P.O. Box 206
Pierce, Idaho 83546
I served on the Berry 1965-1968. It was home ported in Pearl Harbor during that time. We pulled special operations during that time watching the Russians. We would sit down on the equator for weeks at a time next to Russian trollers waiting for they're missiles to hit the water then rush to the spot and pick up pieces.
We also would sit right off they're coast line in the Bering Straight next to one of they're navel ports keeping track of they're ships comming and going.
Adak was our fueling station. Our sister ships the Perry and or the Jones would relieve us. We made two trips to Japan. Many Islands we stopped for fuel you could throw a rock across.
Guam was a frequent stop. I believe we held the record for the longest time at sea without a fueling or supply stop while sitting dead in the water on the equator. We often would fish for shark (which our stewards could fix very well).
We also was allowed to have small two man sail boats to play with for R and R. I do have two group pictures of the deck and engineering crew (black and white). When I left the Berry in Jan of 1968 I had orders to Viet Nam, to serve as a engineman on a swift boat. Orders got cancelled.
While on the Berry I was a Engineman 3rd class got rated for 2nd class. I worked in the forward engine room. Made wine from grapes we stole from the galley on one trip. The engine room proved to be a perfect place to do that. It could be smelled through the entire ship but was never found. Some of the officers ended up buying some as well as the crew. We would sip on it during sat night movies, usually John Wayne.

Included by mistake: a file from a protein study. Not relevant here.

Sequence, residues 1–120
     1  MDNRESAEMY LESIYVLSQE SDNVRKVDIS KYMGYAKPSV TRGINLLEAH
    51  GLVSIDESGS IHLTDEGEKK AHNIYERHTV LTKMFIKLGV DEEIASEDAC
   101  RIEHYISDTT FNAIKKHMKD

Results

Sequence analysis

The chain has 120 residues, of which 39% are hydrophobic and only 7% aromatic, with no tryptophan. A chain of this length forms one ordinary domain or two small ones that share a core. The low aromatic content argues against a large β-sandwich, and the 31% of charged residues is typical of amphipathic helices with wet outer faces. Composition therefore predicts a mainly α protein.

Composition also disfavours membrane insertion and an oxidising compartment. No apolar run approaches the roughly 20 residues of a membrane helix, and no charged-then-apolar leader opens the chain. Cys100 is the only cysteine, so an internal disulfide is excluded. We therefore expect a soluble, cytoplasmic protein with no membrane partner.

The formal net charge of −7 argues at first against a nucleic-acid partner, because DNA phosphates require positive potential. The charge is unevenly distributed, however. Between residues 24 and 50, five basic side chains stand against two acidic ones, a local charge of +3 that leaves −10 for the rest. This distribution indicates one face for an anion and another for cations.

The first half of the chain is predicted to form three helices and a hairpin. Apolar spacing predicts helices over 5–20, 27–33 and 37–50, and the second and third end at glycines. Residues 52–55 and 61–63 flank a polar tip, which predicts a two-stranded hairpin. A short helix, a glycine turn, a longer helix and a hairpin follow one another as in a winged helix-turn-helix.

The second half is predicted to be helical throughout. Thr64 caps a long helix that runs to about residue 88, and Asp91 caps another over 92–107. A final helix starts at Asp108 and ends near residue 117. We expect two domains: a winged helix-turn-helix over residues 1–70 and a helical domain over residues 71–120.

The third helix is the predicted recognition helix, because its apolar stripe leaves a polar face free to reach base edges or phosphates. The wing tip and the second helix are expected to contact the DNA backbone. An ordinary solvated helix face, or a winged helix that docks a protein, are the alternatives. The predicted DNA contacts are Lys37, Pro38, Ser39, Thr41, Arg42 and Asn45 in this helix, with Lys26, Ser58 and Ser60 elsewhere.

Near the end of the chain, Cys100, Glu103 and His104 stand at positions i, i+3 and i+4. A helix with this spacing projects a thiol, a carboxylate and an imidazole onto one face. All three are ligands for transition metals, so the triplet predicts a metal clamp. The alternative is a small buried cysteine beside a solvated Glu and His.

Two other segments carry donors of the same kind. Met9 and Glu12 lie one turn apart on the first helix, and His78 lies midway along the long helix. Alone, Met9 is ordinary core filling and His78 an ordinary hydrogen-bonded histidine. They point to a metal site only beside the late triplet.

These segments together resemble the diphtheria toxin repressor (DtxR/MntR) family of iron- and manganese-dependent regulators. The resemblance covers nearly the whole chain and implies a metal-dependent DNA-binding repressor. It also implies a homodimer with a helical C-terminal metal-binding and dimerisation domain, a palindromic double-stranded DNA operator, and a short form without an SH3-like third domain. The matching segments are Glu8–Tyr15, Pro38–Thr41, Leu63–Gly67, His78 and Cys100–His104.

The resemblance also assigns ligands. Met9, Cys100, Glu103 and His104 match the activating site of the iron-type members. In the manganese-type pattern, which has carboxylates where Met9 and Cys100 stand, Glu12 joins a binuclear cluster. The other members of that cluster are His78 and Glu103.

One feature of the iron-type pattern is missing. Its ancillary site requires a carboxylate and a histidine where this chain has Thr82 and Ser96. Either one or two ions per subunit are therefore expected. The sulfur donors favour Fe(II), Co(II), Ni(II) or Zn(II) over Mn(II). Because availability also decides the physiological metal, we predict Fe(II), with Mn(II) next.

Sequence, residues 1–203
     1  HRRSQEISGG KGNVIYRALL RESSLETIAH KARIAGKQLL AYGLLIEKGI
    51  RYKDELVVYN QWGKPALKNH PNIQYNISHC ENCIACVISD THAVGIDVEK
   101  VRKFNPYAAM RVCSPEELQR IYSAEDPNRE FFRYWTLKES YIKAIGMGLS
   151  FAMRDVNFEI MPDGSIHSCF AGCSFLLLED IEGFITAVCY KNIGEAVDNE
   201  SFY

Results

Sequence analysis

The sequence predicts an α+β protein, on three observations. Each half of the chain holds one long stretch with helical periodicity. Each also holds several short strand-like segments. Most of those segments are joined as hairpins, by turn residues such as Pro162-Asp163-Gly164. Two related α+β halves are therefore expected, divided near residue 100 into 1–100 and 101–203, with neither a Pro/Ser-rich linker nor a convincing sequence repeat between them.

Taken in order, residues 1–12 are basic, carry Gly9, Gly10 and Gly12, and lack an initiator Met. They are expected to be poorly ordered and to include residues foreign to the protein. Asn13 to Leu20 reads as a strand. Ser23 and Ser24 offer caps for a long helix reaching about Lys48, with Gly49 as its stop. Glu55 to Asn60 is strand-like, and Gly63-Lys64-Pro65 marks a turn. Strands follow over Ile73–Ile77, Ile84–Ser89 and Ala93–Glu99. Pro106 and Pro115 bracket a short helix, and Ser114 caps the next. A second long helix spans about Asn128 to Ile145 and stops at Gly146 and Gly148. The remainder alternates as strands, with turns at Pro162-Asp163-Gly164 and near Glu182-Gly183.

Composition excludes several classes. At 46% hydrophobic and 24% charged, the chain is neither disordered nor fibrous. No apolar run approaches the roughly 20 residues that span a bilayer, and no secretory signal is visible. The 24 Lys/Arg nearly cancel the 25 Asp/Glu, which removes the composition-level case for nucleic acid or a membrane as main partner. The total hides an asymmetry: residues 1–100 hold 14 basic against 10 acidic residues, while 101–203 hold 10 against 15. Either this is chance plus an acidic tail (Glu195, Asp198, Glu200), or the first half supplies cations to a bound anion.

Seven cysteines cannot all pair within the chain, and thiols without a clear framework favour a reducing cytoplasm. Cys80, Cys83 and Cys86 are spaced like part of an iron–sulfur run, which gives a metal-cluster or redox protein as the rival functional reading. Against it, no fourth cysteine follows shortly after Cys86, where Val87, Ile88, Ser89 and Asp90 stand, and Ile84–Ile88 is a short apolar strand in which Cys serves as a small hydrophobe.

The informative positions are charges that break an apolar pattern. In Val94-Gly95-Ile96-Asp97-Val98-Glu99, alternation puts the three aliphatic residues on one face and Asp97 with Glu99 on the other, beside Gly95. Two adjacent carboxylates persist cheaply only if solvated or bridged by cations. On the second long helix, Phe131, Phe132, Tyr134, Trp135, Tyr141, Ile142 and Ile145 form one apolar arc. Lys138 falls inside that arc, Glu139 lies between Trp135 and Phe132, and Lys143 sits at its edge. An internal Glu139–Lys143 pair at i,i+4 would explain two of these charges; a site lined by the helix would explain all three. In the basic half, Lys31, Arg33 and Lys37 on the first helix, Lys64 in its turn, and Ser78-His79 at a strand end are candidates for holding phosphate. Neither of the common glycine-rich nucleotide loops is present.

Its really funny, but I was having a beer one eve here in town at the bar with John and his wife and the subject of the NAM war came up. I mentioned how lucky I was to be stationed on a destroyer escourt DE 1035 during that time. John and his wife both about passed out and could not believe how two guys who served on the same small ship could end up in a little town in the Idaho mountains of IDAHO.We have all of 600 people here on the edge of the wilderness. I do not remember Ken, but that doesn't mean much I was a 19 yr. that had a hard time remembering what ship to get back on after a liberty.
I do have a tatoo on my left leg with the dates each time we crossed the equator. It's a shellback of course.
Nov. 3 1966